The National Society of Film Critics has named “Lady Bird” the best picture of the year, bestowing a total of four awards on Greta Gerwig’s directorial debut.
The actress-turned-filmmaker was also honored for her directing work and screenplay. Laurie Metcalf, who stars in “Lady Bird” as the mother of an angst-ridden high school senior, was named best supporting actress.
The Society, comprising 59 movie critics from across the country, voted for its annual awards on Saturday. The organization was also a big fan of “Get Out,” giving star Daniel Kaluuya the best actor prize. While Jordan Peele’s horror film did not receive any other awards, it was within one vote of the screenplay prize and just two away from best picture.
Other victors included Sally Hawkins, who won best actress for her near-silent performance in “The Shape of Water” and more under the radar work in “Maudie,” and Willem Dafoe, who plays the owner of a run-down motel in “The Florida Project.”
Last year, the Society named “Moonlight” its top film of the year; that movie went on to win an Oscar for best picture.
Any film that opened in the U.S. in 2017 was eligible for one of the critics’ prizes, which will be sent to winners via “scrolls suitable for framing.” (The group does not hold an awards gala.) The critics dedicated this year’s awards to film historian Richard Schickel, one of the founding members of the group, who died last February.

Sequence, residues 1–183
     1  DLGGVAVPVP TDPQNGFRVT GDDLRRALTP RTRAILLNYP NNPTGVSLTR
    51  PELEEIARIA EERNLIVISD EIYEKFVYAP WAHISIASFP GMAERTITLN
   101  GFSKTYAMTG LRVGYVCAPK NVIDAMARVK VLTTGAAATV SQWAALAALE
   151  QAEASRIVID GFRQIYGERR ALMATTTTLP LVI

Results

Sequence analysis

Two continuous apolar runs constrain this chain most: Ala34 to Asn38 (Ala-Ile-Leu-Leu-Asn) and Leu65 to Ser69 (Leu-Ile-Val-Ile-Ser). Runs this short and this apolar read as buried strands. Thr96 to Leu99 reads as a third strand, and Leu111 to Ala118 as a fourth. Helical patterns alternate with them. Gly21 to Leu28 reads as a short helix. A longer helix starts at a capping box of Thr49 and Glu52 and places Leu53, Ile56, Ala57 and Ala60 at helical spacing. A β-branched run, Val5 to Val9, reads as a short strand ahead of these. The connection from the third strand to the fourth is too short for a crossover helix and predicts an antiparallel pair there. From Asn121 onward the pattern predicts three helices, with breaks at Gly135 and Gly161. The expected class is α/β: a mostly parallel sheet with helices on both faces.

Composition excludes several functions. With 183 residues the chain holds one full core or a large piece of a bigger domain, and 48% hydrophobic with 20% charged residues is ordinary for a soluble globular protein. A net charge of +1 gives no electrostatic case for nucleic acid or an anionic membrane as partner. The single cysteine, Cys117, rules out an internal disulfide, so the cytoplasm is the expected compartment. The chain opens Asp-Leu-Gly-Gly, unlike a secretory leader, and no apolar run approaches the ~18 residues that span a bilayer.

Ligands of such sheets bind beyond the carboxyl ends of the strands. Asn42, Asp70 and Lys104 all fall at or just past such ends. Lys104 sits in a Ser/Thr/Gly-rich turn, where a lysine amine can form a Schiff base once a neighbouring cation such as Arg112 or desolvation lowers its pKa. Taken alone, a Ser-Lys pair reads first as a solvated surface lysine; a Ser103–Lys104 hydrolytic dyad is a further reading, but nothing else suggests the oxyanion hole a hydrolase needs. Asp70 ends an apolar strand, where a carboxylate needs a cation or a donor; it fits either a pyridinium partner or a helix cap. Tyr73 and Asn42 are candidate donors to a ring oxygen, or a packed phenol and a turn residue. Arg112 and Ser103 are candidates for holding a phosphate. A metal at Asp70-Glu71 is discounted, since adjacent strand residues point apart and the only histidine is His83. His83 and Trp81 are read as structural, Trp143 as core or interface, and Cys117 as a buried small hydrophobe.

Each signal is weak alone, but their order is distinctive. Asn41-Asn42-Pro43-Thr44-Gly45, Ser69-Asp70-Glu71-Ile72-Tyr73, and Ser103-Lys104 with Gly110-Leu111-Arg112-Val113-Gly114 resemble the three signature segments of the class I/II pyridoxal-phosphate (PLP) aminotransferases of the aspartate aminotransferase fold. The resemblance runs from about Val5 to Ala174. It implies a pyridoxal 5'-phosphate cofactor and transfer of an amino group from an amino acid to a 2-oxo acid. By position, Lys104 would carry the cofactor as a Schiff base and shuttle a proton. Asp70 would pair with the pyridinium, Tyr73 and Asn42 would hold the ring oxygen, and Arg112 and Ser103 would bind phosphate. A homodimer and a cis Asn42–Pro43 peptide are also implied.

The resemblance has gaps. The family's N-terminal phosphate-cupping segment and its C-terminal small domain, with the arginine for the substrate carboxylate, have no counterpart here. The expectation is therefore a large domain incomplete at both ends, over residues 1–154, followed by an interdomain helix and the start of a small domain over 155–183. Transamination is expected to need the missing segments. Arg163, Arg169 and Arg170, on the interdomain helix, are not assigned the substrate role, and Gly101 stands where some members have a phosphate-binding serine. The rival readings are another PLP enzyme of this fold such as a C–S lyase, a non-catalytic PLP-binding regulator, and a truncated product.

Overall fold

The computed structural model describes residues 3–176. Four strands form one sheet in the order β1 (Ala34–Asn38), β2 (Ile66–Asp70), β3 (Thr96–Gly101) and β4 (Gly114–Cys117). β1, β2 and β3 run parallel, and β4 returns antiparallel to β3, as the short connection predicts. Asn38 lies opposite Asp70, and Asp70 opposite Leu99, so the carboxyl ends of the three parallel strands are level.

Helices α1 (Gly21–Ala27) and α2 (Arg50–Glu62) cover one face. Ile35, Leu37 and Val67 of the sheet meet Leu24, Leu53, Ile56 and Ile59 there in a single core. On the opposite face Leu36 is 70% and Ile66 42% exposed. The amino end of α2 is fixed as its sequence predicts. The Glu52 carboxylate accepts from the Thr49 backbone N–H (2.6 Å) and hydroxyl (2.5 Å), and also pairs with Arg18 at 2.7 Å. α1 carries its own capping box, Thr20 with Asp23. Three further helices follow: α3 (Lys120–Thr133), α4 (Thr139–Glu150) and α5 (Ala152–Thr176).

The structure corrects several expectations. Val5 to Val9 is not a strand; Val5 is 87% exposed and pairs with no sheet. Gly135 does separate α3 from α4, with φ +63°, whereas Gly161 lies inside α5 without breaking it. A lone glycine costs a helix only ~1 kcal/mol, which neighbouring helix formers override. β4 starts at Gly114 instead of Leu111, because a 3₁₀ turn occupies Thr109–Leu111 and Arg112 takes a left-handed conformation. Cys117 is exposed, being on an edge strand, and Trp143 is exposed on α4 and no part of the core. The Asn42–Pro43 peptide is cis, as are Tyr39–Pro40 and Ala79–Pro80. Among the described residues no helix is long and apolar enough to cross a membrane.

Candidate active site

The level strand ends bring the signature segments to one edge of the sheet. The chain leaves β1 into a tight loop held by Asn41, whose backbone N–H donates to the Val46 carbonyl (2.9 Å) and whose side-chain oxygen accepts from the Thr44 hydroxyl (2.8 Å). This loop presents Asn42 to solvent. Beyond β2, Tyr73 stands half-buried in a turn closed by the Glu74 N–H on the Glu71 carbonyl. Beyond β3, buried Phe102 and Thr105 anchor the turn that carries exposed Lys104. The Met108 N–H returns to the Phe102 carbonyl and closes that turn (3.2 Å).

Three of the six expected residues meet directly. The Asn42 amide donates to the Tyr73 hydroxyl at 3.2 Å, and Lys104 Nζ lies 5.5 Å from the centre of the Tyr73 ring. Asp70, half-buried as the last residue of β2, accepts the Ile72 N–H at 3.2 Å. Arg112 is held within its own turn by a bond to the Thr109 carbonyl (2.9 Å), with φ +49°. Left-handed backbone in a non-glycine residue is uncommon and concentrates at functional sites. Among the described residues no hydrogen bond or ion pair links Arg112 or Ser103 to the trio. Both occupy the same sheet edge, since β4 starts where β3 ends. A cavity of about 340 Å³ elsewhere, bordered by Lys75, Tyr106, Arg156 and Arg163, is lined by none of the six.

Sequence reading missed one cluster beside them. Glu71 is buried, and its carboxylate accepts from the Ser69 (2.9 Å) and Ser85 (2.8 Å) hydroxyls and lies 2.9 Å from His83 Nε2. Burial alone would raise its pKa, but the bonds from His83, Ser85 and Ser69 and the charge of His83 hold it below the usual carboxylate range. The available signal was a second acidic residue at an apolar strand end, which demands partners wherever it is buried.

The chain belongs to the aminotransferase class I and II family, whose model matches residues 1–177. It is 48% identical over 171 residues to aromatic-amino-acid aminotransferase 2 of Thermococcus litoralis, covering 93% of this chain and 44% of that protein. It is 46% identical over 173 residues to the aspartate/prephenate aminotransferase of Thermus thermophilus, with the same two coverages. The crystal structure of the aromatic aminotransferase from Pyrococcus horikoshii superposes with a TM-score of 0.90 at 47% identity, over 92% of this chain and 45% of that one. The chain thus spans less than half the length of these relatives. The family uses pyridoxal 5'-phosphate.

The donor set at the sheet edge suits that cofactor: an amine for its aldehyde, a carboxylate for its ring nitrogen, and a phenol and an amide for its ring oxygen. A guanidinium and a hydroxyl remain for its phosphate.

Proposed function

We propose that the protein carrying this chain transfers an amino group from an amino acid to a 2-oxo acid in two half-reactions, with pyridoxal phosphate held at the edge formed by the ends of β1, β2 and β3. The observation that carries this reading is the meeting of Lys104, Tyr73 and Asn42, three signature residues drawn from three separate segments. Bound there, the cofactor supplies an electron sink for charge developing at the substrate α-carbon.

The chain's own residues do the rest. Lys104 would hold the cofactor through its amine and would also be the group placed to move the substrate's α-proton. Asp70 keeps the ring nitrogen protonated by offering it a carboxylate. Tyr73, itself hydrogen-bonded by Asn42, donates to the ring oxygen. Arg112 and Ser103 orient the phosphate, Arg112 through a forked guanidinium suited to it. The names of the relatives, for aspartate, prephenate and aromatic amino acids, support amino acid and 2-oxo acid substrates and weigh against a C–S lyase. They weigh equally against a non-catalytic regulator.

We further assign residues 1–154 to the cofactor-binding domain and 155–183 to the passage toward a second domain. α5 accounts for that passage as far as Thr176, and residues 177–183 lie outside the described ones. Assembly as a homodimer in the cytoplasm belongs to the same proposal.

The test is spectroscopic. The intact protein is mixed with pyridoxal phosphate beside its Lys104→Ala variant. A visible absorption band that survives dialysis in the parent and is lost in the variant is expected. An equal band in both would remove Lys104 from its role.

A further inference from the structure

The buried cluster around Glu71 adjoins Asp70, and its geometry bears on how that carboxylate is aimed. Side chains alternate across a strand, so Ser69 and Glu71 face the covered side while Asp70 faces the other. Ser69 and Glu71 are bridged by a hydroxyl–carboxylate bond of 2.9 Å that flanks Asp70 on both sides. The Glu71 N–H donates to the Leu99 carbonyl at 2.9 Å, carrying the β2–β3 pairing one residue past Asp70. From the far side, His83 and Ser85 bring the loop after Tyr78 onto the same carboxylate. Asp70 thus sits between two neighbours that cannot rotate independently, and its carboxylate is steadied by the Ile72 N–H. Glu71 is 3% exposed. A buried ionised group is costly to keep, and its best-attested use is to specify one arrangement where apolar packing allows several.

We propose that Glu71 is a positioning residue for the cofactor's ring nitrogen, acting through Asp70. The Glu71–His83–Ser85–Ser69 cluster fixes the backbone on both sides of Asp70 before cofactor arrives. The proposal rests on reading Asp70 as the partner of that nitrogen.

Here’s the full list of winners:
Best Picture: “Lady Bird”
Best Director: Greta Gerwig, “Lady Bird”
Best Screenplay: Greta Gerwig, “Lady Bird”
Best Cinematography: Roger Deakins, “Blade Runner 2049”
Best Actress: Sally Hawkins, “The Shape of Water” and “Maudie”
Best Actor: Daniel Kaluuya, “Get Out”
Best Supporting Actress: Laurie Metcalf, “Lady Bird”
Best Supporting Actor: Willem Dafoe, “The Florida Project”
Best Foreign-Language Film: “Graduation”
Best Nonfiction Film: “Faces Places”
Special Citation for a Film Awaiting U.S. Distribution: Agnieszka Holland, “Spoor”
Best Experimental Film: “Good Luck,” Ben Russell
Film Heritage Award: “One Way or Another: Black Women’s Cinema 1970-1991,” BAMcinématek; Dan Talbot for his pioneering work as an exhibitor and distributor in bringing worldwide cinema to the United States
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